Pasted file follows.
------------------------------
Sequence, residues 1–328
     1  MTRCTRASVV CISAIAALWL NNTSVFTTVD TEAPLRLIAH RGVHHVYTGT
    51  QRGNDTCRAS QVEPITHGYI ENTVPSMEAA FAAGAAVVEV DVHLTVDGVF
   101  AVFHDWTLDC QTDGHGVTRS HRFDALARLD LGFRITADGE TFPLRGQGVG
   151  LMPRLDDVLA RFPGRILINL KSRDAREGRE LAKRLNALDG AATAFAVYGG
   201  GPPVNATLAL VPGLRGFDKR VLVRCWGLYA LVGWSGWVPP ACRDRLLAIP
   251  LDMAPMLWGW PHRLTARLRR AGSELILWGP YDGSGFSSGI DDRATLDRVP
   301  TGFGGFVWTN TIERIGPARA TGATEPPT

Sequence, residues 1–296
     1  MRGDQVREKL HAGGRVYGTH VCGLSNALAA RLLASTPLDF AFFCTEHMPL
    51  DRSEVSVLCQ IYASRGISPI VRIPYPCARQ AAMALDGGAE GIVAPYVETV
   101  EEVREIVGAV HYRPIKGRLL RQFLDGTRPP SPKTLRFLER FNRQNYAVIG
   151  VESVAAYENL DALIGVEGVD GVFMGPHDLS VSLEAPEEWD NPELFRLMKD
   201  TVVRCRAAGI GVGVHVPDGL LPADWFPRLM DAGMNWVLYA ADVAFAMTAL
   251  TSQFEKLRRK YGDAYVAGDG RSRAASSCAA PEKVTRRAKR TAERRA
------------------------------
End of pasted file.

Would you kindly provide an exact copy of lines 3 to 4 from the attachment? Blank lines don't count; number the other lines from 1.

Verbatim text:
    51  QRGNDTCRAS QVEPITHGYI ENTVPSMEAA FAAGAAVVEV DVHLTVDGVF
   101  AVFHDWTLDC QTDGHGVTRS HRFDALARLD LGFRITADGE TFPLRGQGVG